Mis diagnosed as Fibromyalgia, ME/CFS, Musculoskeletal Disease,Poly Myalgia Rheumatica - significantly improved when treated for Lyme Disease.
Perhaps more aptly described as Multi-Systemic Infectious Disease Syndrome - MSIDS.
Ten of the world's top scientists from leading institutions discuss their scientific insights on the problems and potential solutions for Lyme disease.
Senator Richard Blumenthall US Senate Speech
'The cases of Lyme are exploding in number and their severity impacts our economy as well as quality of life for Americans'
Introduced by David Rothman- Lyme Advocate
CDC reported 10 fold increase in the number of cases in 2013.
Dr Neil Spector Cancer researcher talks about implications in organ donation. He had a heart transplant due to undiagnosed Lyme Disease.
'In the era of genomics are we using archaic unreliable methods to test for Lyme?'
Dr William H Robinson Stanford University talks about the need to develop next generation tests that are much more accurate and sensitive to identify people with Borrelia Burgdorferi as well as other tick borne infections.
Dr Safwan Jaradeh Stanford University Neuromuscular and Neurological faculty. 'Nobody seems to think well could it be something like Lyme.'
Dr Brian Fallon Columbia University
Director of the Lyme and Tick-borne diseases research center at Columbia.
says - Lyme can cause many symptoms he talks about a child who manifested with compulsive cycling behaviour and anorexia which was caused by Lyme Disease and with treatment symptoms went away.
Dr Neil Spector goes on to say- 'Over 300000 cases a year I think demands more attention than Zika virus which overnight becomes a W.H.O. global health crisis. So it's not to minimize the problems of Zika but it is saying there are children who are equally suffering with Lyme disease and children who may be through the consequences of Lyme Disease dying and adults dying through consequences of Lyme Disease.
Stand 4 Lyme founder Sherry Cagan and her husband, Laird have joined forces with with Stanford Scientists to pave a medical path to wellness for patients at all stages of Lyme Disease. Stanford collaborative research with Harvard, Johns Hopkins and Columbia Universities.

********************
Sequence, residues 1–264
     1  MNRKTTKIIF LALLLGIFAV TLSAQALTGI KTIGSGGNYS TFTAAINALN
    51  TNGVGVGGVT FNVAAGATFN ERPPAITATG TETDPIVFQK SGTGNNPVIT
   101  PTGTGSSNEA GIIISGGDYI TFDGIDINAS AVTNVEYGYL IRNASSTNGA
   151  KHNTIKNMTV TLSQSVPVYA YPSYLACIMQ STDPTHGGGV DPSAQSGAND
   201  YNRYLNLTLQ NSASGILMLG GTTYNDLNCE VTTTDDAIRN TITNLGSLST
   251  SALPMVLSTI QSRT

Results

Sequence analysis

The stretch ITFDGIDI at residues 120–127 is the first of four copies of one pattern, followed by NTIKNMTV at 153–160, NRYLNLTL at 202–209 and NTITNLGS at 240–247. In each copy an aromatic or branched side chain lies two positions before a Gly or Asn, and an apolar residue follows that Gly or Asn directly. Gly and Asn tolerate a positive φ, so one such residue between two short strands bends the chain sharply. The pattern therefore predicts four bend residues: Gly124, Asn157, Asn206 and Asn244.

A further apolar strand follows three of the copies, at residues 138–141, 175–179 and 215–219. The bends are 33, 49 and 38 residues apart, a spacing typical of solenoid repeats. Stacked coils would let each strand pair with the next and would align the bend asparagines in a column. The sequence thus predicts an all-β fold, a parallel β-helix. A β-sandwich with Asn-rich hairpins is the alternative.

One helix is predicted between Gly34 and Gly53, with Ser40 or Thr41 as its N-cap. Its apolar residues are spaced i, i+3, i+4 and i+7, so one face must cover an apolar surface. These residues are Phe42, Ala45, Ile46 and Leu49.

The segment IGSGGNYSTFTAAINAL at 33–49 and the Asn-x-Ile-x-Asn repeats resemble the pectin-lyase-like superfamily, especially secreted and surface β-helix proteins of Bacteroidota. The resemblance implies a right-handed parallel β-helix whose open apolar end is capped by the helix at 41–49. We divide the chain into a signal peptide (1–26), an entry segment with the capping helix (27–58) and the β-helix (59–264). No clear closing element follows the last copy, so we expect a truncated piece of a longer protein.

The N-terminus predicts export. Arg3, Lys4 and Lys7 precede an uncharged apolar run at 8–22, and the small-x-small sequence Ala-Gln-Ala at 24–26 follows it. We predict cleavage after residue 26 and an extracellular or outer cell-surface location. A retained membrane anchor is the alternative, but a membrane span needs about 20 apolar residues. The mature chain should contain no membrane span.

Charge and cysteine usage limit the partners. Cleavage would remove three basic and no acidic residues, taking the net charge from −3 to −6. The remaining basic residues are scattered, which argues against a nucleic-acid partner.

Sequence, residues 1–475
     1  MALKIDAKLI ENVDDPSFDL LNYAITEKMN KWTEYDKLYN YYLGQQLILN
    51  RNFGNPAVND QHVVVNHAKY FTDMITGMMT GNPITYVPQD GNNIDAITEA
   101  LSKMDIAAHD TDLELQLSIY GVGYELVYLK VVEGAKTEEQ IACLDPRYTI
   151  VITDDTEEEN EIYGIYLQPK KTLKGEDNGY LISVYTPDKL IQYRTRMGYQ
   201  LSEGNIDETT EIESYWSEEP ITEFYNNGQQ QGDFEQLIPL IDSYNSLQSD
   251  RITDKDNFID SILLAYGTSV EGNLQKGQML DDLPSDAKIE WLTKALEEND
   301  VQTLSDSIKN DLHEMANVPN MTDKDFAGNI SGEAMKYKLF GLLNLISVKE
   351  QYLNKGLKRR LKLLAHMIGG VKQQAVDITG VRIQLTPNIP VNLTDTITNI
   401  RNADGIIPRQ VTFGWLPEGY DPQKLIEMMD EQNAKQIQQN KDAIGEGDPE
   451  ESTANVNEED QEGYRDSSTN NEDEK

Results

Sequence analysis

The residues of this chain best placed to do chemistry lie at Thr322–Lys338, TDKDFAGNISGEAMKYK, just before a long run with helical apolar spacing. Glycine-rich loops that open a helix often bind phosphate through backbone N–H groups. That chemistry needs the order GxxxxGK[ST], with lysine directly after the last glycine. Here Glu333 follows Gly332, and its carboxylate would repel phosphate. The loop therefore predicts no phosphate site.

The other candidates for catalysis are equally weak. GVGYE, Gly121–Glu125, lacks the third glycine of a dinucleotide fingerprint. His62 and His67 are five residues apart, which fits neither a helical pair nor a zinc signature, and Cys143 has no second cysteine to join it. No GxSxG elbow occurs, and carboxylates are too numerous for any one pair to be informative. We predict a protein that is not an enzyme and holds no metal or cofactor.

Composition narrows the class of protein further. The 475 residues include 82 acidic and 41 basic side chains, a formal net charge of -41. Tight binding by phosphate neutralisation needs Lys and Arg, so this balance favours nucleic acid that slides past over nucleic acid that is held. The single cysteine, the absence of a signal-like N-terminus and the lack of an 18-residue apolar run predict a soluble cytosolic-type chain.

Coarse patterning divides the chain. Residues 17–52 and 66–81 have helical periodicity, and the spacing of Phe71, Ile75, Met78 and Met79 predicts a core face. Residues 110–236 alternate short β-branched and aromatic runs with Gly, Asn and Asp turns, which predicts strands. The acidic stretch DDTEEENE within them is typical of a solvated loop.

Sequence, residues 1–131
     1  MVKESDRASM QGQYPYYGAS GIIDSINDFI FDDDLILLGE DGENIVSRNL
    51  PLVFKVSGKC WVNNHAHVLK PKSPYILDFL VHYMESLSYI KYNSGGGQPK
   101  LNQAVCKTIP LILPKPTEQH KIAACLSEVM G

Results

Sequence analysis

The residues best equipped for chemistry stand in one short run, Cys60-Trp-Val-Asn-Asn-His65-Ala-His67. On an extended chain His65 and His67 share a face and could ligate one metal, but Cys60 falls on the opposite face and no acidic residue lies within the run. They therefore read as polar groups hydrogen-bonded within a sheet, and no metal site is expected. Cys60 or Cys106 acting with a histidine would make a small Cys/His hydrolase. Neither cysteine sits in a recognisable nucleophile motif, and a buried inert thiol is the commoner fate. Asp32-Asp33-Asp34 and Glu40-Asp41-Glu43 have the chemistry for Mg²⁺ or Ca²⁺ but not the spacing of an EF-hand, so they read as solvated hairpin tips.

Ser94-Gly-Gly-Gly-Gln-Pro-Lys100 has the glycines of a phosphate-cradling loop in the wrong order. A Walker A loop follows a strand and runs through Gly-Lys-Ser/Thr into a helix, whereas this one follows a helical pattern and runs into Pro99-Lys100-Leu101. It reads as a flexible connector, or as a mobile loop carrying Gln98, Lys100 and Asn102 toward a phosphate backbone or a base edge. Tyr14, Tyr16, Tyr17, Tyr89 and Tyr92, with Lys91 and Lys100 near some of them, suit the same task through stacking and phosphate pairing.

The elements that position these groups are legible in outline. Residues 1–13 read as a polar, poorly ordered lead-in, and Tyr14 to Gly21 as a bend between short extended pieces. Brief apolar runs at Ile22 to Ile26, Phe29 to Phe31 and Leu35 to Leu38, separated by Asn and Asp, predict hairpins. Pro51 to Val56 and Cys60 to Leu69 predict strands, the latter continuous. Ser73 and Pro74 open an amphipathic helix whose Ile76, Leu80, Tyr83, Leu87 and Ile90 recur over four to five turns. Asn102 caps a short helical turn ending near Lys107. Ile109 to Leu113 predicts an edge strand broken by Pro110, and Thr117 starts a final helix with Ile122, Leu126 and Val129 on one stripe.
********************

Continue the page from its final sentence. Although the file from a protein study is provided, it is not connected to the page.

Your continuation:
Dr Philip A Pizzo Stanford University Professor of Microbiology and Immunology
Dr Pizzo appointed the Stanford Lyme Working group a collaborative effort between Stanford researchers and other major universities.
Dr Laura Roberts Stanford University says 'Lyme Disease has been neglected scientifically with the Lyme disease working group at Stanford and other universities we are hoping to change that.'
Dr William Robinson - 'Lyme disease shares molecular mechanisms with many different diseases both microbial infections as well as certain inflammatory diseases and the work of the Stanford Lyme working group can help uncover these mechanisms.
Irv Weissman MD Stanford University is working on macrophage problems and persistently infected cells.
Dr Nevena Zubcevk Harvard University is working on - ' Testing blood banks for Lyme and co infections' and also clearing up difficulty we are currently having with 'In utero transmission of Lyme'
John Nathanial Aucott Johns Hopkins University says this has been an ideal collaboration it has really advanced our ability to do research in Lyme Disease, we collaborate with Dr Bill Robinson at Stanford to develop bio markers or tools to better measure Lyme Disease.